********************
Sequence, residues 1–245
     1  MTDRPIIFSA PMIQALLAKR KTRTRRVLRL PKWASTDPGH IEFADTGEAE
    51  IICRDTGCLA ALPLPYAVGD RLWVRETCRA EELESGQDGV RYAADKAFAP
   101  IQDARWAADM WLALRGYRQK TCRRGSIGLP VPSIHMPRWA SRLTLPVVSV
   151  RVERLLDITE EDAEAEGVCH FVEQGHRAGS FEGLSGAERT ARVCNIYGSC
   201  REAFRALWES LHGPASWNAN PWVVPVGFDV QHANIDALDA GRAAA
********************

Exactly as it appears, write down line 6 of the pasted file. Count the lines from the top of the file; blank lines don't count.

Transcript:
   201  REAFRALWES LHGPASWNAN PWVVPVGFDV QHANIDALDA GRAAA